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Somewhere between a national shame and a national scandal lies Canada's export of asbestos.

The federal government promotes asbestos exports - they have risen sharply in the past year - despite the fact that the use of asbestos has all but disappeared in this country. Why? Because scientists, governments, industries and unions have concluded that the product can lead to a variety of health-related problems and, in some cases, to death.

Indeed, while the federal government promotes exports, a multiyear construction project is refitting the Parliament Buildings, among other reasons to remove asbestos. What our parliamentarians won't have in their buildings apparently will be in buildings in the developing world.

The reason the federal government will not stop defending asbestos is politics - Quebec politics, in fact. The asbestos produced in Canada comes from Quebec, from the Jeffrey and LAB Chrysotile mines that employ about 700 people. A large town in Quebec is even called Asbestos.

No federal government has had the courage to say: Enough is enough! We're not exporting to developing countries any product we won't use at home for health reasons. Fear of offending Quebec has put a sock in the mouth of federal governments, and fear of losing a few votes has forced Quebec governments into acrobatic flights of hypocrisy to defend the indefensible.

This week, Quebec Premier Jean Charest has been making headlines outside Quebec, attacking Ottawa for questioning his government's intention to impose strict vehicle-emission standards. It's all a lot of blah-blah because Quebec's rules are going to be superseded by new national regulations in the U.S. and Canada.

Beating up on Ottawa is good politics, regrettably, in Quebec, but it so happened that these attacks came from far away - from India, in fact, where Mr. Charest was leading a Quebec trade delegation promoting his province's exports, including asbestos.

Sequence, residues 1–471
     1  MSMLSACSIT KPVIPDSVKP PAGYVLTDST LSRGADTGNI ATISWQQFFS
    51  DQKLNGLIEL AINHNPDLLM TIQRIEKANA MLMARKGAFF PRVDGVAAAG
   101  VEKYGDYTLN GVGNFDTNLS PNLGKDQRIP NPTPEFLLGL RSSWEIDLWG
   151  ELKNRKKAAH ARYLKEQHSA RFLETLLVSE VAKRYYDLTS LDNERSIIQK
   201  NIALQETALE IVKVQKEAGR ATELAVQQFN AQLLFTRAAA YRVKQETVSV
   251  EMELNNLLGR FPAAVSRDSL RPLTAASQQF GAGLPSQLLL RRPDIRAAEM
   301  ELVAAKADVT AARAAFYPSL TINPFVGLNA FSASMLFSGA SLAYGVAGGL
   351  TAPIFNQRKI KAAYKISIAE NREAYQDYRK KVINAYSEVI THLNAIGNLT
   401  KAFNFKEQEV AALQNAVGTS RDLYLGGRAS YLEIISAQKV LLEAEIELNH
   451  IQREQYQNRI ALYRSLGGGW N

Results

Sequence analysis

It was reported in the Quebec media that asbestos represents 11 per cent of Quebec's exports to India, a tidy sum of $427-million. Half of India's asbestos comes from Quebec, of the chrysotile variety with fibres so fine they can penetrate some filtration masks and so enter lungs, where they can create a variety of health problems, including lethal ones.

On the eve of Mr. Charest's visit, scientists from 28 countries urged him to stop exporting all forms of asbestos. A hundred scientists said the province won't use asbestos at home because it can cause death, while promoting it "where protections are few and awareness of the hazards of asbestos almost non-existent." Even some brave scientists in Quebec, where criticism of asbestos exports has been often regarded as "anti-Quebec," urged the Premier to act.

But Mr. Charest said it was up to India to act if it felt asbestos led to health problems. He was accompanied by a representative of an asbestos lobby group that receives money from both the federal and provincial governments; his group, he said, gives information to asbestos users about its possible risks. In other words, caveat emptor! Meantime, it's business as usual for Quebec's asbestos exports.

Happily, some elements of the Quebec media have been all over this story, slamming the Premier's evident hypocrisy and noting how it tarnishes Quebec's precious international image. But, by extension, the export also tarnishes Canada's image because, Quebec pretensions notwithstanding, most people abroad don't even know where Quebec is, whereas they do know about Canada.

Ottawa is intimately involved in this dirty game, too. It even sends diplomats to international meetings to frustrate any worldwide action against asbestos. And Canadian taxpayers are soiled by this export of a dangerous product that is scarcely, if ever, used in this country.

Face up to it: Canadians, in their moral superiority, might think our country has an unsullied international image, especially in environmental matters. The reality is that those in the fisheries business know how poorly we have managed some of our stocks. Europe and the rest of the world are utterly repelled by the slaughter of seals, and no amount of public-relations campaigning and political posturing will alter that reality.

The tar sands are a growing PR nightmare, as is Canada's weak greenhouse-gas emissions record. To these are added the ongoing export of asbestos from Quebec, exposing the province's hypocrisy and tarnishing Canada's reputation abroad.